Ancient Cookware

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Home CHINA Mandarin Style Wok

Mandarin Style Wok

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Mandarin Style WokMandarin Style Wok
Rating: 4.5/5
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Size Price Quantity
Mandarin Style Wok
6 qt
$24.95
Total Price
$0.00
Mandarin Style Wok
Mandarin Style Wok
Mandarin Style Wok
Description

  • About the piece

  • Curing

  • Care and Use

  • Recipes

The Wok is an essential tool in Chinese and other Asian Cuisines and our 14” Carbon Steel Mandarin Style Wok is the perfect piece of equipment for stir frying, deep frying, or steaming. Its semi-sphere shape allows the pan’s surface to heat evenly and quickly, and makes the mixing and stirring of foods quicker and easier than a flat pan. The 8 ½ inch wooden handle is riveted in place which makes it sturdy and easy to handle while cooking.

It is believed that it originated somewhere in East Asia sometime between the 10th and 13th centuries. The long stick handle differentiates the Mandarin Style from the Cantonese Style Wok which has two loop handles. The more you use the wok, the more seasoned it will become and impart more flavor on the dish you are cooking. The wok will continue to absorbs new flavors and eventually develop a unique flavor of its own, known in China, as the “breath of the wok.”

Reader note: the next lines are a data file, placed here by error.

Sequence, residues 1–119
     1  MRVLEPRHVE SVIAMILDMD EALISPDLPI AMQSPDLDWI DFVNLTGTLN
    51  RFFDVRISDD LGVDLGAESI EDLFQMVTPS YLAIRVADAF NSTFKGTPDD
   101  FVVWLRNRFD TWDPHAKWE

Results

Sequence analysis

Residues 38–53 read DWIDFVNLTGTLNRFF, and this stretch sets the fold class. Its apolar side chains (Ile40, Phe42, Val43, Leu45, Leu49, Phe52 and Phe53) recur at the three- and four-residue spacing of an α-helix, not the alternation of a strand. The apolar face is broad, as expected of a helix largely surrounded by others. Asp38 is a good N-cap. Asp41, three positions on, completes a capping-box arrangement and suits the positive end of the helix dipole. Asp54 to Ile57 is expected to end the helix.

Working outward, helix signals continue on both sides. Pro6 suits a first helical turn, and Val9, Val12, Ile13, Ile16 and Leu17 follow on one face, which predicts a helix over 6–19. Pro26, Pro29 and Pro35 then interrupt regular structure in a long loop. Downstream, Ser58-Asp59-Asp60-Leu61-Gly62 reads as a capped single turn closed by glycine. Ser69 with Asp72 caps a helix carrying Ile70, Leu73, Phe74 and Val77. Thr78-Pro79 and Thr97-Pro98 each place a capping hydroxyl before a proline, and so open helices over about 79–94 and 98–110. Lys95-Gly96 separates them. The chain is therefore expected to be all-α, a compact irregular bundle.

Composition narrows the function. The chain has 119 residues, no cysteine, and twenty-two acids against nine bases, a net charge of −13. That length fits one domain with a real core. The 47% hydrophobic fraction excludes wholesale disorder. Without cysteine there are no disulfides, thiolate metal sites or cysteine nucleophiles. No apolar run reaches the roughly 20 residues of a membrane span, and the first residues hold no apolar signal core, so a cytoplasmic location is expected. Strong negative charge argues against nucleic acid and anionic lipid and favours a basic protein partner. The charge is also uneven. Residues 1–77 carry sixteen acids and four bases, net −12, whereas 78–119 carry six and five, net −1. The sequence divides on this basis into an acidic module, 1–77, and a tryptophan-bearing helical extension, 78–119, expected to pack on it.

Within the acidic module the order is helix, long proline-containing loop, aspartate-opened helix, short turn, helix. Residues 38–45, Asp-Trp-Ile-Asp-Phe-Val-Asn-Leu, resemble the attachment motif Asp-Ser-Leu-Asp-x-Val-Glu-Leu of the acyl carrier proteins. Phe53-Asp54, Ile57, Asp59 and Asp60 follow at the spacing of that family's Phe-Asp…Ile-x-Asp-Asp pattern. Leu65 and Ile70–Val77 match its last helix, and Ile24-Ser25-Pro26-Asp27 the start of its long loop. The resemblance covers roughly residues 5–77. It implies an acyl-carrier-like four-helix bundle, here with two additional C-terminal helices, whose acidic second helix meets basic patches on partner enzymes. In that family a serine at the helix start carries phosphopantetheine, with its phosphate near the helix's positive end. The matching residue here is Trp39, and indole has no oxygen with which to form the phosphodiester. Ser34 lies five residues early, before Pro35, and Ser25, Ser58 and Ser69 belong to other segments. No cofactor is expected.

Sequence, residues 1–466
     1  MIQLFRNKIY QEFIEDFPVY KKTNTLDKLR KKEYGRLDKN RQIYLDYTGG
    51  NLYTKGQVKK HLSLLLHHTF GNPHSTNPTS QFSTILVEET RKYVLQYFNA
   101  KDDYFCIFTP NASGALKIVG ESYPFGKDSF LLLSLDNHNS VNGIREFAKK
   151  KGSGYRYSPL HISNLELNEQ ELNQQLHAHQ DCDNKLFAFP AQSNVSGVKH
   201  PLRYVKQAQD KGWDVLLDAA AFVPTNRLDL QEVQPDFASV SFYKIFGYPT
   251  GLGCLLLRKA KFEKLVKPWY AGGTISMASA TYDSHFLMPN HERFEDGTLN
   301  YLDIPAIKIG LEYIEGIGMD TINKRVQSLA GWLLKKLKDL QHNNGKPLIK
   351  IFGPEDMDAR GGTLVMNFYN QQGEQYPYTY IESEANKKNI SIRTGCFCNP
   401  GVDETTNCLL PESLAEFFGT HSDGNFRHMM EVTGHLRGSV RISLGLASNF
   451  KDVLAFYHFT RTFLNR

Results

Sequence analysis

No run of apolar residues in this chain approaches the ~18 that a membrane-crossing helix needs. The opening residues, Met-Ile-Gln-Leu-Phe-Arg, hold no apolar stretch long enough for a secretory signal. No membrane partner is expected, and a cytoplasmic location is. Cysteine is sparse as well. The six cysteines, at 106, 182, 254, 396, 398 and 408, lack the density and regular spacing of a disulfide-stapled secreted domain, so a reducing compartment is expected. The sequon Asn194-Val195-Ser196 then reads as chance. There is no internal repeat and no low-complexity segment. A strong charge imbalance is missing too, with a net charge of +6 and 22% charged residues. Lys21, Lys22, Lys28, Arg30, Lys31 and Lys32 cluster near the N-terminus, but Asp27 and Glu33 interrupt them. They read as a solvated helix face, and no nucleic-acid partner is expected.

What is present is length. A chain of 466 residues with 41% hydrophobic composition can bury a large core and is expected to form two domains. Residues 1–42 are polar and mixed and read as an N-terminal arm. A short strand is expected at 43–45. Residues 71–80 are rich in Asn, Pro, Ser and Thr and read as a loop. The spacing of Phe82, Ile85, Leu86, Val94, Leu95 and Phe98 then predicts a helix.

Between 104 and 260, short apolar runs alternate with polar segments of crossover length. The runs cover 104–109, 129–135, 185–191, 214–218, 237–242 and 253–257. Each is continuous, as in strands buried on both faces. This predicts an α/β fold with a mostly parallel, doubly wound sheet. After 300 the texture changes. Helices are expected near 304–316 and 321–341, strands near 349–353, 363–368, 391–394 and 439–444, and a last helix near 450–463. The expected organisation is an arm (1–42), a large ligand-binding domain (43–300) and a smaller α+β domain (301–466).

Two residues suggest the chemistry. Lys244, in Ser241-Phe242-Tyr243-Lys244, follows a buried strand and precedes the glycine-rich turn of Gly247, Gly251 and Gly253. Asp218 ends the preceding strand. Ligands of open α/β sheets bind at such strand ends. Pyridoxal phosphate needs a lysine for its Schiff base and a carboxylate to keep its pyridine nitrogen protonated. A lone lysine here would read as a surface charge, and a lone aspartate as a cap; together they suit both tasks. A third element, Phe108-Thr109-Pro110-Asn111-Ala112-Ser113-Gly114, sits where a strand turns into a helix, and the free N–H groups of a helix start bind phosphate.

Item Number: CHN-4700-14
Dimensions (inches):  
Length: 22.0
Width: 14.0
Height: 4.5
Diameter: 14.0
Capacity: 6 qt
How we measure

 

Much like a cast iron skillet, a carbon steel wok needs to be seasoned before use. The first step is to remove the manufacturer’s protective oil coating. To do so, wash the wok thoroughly with hot water and a small amount of liquid detergent and a sponge, using a scrubbing pad if necessary. Rinse and dry the wok thoroughly. Before starting the process, choose an oil with a high smoke point such as peanut, canola, or grape-seed oil. The seasoning process will require the oil to burn at a high temperature thereby creating smoke, so make sure you open a window and/or turn on your kitchen hood to ensure you have adequate ventilation.

Use a pastry or BBQ brush and cover the entire inside of the wok with a generous coating of oil, and place the wok on high heat. As the oil begins to burn and turn the pan dark, tilt the pan to cover the sides of the pan as well, being careful that the oil does not spatter towards you. Let the pan cool and remove any excess oil with a paper towel. Heat the wok on high heat again, until smoke is produced, tilting as before. Repeat the above process steps several times until the wok surface turns dark and shiny, and that the wiping it with a paper towel does not leave a black ash on the towel.

To start cooking with your wok, heat it until it begins to smoke before adding oil to the pan. This will open up the pores in the metal, allowing the oil to close them so that the metal does not absorb water during cooking. It also prevents food from sticking to the wok, and aids in producing the highly desirable “patina” which helps to prevent foods from sticking.